Local Initiatives UASG members from a respective local region, active local partners, influencers, UA Ambassadors, and ICANN GSE teams. Conduct national or regional UA awareness, training, and stakeholder engagements.
UA Ambassadors Industry leaders and UA experts who are committed to raising awareness around UA and EAI in their local region. Organize training and outreach at national and regional levels.

More detailed information on what each UASG group accomplished can be found in the ICANN69 presentations, as well as in the FY20 UA Readiness Report. Additionally, several materials were published to provide tangible UA-readiness guides for global and diverse audiences. A complete list of these materials, including gap analysis, technical documentation and a detailed case study outlining ICANN org’s efforts to become UA-ready, is available at the end of this blog.

Domain names do not exist in isolation from the larger ecosystem of online services and content, and IDNs are no exception. In fact, the uptake of IDNs could be more challenging should there not be enough content in the same IDN language / script to serve the local community. Simply put, why would anyone use a domain name in Arabic for a website whose content is not in a language that uses Arabic script? – Baher Esmat,  Vice President, Stakeholder Engagement – Middle East & Managing Director – Middle East & Africa (MEA), ICANN, IDN World Report (28 February 2020)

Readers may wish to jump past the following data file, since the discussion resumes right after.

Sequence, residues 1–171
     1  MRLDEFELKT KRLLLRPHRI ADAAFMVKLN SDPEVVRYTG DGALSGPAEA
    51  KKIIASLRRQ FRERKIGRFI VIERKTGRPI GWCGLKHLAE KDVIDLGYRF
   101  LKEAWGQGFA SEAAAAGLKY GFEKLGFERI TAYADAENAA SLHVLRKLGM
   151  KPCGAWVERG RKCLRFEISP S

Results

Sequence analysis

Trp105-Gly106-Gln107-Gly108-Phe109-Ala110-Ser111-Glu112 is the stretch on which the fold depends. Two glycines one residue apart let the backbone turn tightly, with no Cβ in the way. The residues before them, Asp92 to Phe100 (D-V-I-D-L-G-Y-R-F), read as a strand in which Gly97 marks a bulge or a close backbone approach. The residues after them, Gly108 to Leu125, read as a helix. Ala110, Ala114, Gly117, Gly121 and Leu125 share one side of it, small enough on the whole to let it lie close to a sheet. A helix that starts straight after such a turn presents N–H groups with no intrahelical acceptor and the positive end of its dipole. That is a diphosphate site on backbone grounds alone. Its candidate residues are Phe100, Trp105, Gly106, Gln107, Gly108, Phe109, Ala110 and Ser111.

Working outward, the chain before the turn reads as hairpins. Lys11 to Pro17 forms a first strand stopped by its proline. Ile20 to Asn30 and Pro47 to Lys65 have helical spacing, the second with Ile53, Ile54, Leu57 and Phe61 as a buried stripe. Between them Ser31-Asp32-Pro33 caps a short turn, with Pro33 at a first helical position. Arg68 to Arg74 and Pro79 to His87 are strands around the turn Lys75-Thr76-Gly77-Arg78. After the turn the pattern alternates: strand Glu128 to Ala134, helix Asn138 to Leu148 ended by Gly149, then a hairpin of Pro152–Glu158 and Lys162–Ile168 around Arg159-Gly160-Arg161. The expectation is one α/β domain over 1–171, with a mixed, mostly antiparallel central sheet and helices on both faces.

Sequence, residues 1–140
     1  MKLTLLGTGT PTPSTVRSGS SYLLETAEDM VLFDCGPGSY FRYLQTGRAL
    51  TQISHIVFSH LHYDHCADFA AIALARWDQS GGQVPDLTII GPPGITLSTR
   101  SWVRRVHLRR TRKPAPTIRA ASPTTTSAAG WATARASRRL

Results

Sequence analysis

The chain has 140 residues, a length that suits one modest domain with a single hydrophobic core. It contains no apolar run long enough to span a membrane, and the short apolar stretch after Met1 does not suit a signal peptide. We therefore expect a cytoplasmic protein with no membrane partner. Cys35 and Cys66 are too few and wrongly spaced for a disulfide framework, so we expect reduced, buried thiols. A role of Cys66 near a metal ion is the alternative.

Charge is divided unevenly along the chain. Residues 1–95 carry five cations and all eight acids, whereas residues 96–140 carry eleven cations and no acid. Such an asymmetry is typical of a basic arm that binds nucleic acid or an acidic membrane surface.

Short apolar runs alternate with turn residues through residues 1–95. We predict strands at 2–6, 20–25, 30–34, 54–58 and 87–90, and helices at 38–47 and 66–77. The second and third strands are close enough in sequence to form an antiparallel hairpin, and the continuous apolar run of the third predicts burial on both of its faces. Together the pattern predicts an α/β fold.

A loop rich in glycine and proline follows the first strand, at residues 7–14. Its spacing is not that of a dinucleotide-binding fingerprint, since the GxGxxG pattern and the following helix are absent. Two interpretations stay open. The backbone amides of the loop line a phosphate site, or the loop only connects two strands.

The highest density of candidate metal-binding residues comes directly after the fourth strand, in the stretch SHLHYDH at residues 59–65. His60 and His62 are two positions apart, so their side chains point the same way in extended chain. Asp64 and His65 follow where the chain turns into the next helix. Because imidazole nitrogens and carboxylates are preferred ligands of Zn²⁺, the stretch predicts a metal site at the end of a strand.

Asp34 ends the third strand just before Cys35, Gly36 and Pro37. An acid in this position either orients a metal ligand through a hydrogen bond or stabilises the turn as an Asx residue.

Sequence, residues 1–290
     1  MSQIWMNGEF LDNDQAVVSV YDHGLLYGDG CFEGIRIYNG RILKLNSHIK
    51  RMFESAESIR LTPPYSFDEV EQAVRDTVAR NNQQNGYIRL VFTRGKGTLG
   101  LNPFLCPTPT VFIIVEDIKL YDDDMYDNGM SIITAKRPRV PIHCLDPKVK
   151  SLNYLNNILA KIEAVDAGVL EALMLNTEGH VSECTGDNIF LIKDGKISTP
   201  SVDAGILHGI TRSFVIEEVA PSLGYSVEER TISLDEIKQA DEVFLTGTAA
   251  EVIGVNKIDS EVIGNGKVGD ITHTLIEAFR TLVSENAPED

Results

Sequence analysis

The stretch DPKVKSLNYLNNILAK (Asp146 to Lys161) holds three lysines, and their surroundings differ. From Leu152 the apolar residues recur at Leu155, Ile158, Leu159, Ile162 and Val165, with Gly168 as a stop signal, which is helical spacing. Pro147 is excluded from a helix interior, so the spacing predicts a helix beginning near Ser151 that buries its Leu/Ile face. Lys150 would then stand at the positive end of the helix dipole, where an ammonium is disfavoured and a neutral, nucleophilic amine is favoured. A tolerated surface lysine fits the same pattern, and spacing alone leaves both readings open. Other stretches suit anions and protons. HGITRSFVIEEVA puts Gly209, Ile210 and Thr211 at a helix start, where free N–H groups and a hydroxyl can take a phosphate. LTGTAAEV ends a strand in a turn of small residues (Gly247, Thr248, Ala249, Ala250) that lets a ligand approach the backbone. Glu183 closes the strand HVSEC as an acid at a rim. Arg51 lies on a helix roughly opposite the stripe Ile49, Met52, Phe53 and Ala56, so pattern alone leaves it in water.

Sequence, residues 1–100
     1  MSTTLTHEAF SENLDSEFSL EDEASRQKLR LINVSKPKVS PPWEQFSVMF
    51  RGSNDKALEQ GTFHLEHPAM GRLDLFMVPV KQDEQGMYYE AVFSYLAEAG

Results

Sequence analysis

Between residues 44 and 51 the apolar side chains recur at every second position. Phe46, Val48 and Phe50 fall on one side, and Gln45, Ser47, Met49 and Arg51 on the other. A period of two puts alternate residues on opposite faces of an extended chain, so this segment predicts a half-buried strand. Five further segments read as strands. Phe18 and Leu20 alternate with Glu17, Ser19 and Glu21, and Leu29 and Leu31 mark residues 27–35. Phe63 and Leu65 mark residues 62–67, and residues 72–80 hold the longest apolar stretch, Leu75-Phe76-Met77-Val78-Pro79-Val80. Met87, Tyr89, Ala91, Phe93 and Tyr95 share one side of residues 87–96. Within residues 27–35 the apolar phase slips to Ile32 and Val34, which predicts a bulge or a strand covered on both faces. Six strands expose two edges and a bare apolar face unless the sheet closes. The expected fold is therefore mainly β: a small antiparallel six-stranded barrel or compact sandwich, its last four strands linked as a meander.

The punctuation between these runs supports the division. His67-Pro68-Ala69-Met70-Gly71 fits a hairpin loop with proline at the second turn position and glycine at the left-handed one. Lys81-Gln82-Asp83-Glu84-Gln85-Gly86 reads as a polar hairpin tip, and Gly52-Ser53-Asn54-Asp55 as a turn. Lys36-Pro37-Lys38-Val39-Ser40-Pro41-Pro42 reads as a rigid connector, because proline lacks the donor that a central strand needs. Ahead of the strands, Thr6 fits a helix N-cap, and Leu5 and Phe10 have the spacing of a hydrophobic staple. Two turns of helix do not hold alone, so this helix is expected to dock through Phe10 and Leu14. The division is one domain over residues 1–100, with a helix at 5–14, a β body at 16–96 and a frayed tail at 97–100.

Looking Ahead: Supporting a More Inclusive and Multilingual Internet in 2021

In 2021, UASG members will collectively focus on raising awareness of UA and EAI issues among key stakeholders, developing remediation and training materials, as well as supporting developers, and email software/service providers in updating their systems. Below is an outline of key activities by Working Group:

Group Key 2021 Activities
Measurement WG
  • Assess the UA readiness of social media platforms, popular web browsers and Content Management Systems (CMS), and continue to analyze the email acceptance of top global websites.
  • Research the impact of authentication application programming interfaces (APIs) and second phase open-source applications on UA.
  • Publish reports with best practices for naming internationalized email mailboxes, as well as evaluations and inventory of EAI tools and services.
  • Engage with email service providers and developer communities by providing UA and EAI education.
Technology  WG
  • Evaluate the UA readiness of standards and best practices that impact domain names and email addresses by researching various technology standards organizations (WHATWG, W3C, IETF, Unicode Consortium, etc.).